It’s worth braving the chill of a rainy-season walk at Point Reyes National Seashore. Scents of spicy bay laurel, sweet-sharp conifer, and ocean brine intermingle with a fungal aroma on this windswept peninsula, home to a kaleidoscopic array of mushrooms from tiny purple parasols to stools fit for a large toad.
Increasingly these days, you’ll see scads of attractive mushrooms sporting caps in varying combinations of yellow, green, and brown. They’re Amanita phalloides—“death caps,” commonly—the source of most mushroom fatalities worldwide and the bane of unwary foragers. And they’re fruiting now.
They’re relatively recent arrivals, actually. Death caps are the first invasive ectomycorrhizal (ECM) fungus reported in North America. ECM fungi grow linked with the root tips of woody plants, allowing fungus and plant to swap nutrients. The fungi likely arrived by ship, stowing away aboard plants imported from Europe. Death caps were first spotted in 1938 on the grounds of the former Del Monte Hotel in Monterey, and now grow on the West Coast from Los Angeles to British Columbia, and east to Idaho, including deep within native forests. They emerged on the East Coast in the 1970s but, unlike their West Coast cousins, remain limited in range there.
The Bay Area’s death caps win the prize for being larger and more abundant than anywhere else, according to mycologist Benjamin Wolfe, an associate professor of biology at Tufts University. In study sites at Point Reyes National Seashore he found that death caps dominated native mushrooms by sheer mass. The mushrooms you see, of course, are just the visible sex parts of the larger fungal individual, or mycelium, living underground. “It’s difficult, especially in places like Point Reyes, to walk in the woods and see as many death caps as giant and prolific as they are and imagine that it’s not disturbing natural associations and even shifting plant communities,” says Mickey Drott, a mycologist at the U.S. Department of Agriculture’s Cereal Disease Lab in St. Paul, Minn., who studies how fungal toxins shape their evolution. “Even the mycorrhizal connections are massive,” says Debbie Viess, cofounder of the Bay Area Mycological Society. “You can see them with the naked eye!”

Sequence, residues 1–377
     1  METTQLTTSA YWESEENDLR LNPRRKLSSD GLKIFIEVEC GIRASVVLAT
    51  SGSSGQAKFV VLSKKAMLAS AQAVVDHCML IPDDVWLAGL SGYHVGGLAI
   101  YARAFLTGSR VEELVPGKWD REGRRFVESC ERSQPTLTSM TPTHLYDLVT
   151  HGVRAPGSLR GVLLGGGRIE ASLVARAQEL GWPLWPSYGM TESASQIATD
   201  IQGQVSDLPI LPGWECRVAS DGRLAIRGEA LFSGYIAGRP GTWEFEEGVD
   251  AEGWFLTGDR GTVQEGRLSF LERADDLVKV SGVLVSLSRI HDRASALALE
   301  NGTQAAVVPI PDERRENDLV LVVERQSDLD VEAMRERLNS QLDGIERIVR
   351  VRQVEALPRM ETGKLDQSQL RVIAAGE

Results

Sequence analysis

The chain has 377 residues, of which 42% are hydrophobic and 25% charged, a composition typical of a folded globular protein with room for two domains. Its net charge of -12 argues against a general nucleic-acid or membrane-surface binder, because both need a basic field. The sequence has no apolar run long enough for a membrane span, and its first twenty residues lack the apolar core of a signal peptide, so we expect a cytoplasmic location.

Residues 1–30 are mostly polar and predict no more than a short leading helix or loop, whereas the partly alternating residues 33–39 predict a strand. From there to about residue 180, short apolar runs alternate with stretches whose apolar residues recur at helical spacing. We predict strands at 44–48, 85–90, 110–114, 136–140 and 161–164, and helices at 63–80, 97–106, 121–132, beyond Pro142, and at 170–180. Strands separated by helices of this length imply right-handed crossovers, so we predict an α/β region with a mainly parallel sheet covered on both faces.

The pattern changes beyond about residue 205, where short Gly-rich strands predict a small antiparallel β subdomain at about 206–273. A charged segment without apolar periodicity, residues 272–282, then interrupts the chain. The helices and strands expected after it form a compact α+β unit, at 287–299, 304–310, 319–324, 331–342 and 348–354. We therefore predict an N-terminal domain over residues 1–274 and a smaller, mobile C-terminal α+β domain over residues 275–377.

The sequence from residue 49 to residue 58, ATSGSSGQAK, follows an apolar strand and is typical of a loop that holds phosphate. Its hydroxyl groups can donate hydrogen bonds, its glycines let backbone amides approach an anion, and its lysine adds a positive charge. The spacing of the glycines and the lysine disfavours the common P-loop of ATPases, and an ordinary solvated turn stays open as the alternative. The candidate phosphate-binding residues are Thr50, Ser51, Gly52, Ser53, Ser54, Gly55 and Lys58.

Why is the Bay Area a hotbed of death caps? First, they seem to love the mild climate. Second, they’ve gone “host jumping,” moving from the roots of imported trees such as European cork oaks to coast live oaks, which are evergreen and thus give them a year-round supply of carbon from photosynthesis. More carbon may translate to more and bigger mushrooms, which, in turn, means more spores for spreading death caps. It also means that they may be competing for underground habitat under oaks with foragers’ beloved chanterelles, Cantharellus californicus, according to Viess.
But there is a new and sexy twist to the story. Mycologist Yen-Wen (Denny) Wang, now a postdoc at Yale School of Public Health, was studying the origin of death caps at Point Reyes when he discovered mushrooms containing DNA from just one parent instead of the normal two. Then a grad student in Anne Pringle’s lab at the University of Wisconsin-Madison, Wang looked underground—and found individual mycelia that were capable of sexually reproducing either solo or with a mate. “I was pretty excited,” he recalls. To his knowledge, his observation—published recently in Nature Communications—is the first in nature of unisexual fruiting bodies among the agaricomycetes, a large group encompassing mushrooms, puffballs, and shelf fungi.
Unisexuality is a powerful reproductive strategy, if you can swing it. (It requires just one parent to produce spores.) “You only need some individuals that are capable of doing this to start establishment,” notes Wang. It’s easy to see how that may facilitate invasions. Wang suspects that investigating the invasion fronts on the West Coast may uncover more unisexual death caps.
Meanwhile, Drott’s research in collaboration with the Pringle lab adds another possibility. He and his coauthors have found that the collection of toxin genes in Californian death caps differs from those in Europe, and even varies among individual fungi. Drott hypothesizes that evolving a diverse suite of toxins may allow death caps to spread to new ecological niches—possibly by suppressing competing organisms, or by preventing various critters from noshing on the mushrooms. But both Wang and Drott emphasize that they haven’t proved these hypotheses. ”We need more data,” says Wang.
“I think it’s a really cool situation,” says ectomycorrhizal fungus expert Laura Bogar on these possible explanations for the death cap invasion. Bogar, an assistant professor of plant biology at U.C. Davis, is establishing a new lab to study mechanisms underlying plant-fungal interactions. She says that a super successful invasive species likely benefits from having such special tricks up its sleeve—and getting lucky with the environments it encounters. Indeed, she and collaborators recently published an article detailing a “fungal fight club” approach to determining the factors—fungal and environmental—that allow one ectomycorryizal fungus to outcompete others. Such studies are rare, though. Most ectomycorrhizal fungi are, so far, difficult or impossible to grow in the lab, which makes causation difficult to establish, according to Bogar.
The Pringle lab will keep working on solving this invasion mystery, aided by new genetic techniques that have transformed mycology in recent years. Meanwhile, Drott, typically a mold researcher, jokes, “Working on death caps has dramatically increased the level of interest I get at cocktail parties.”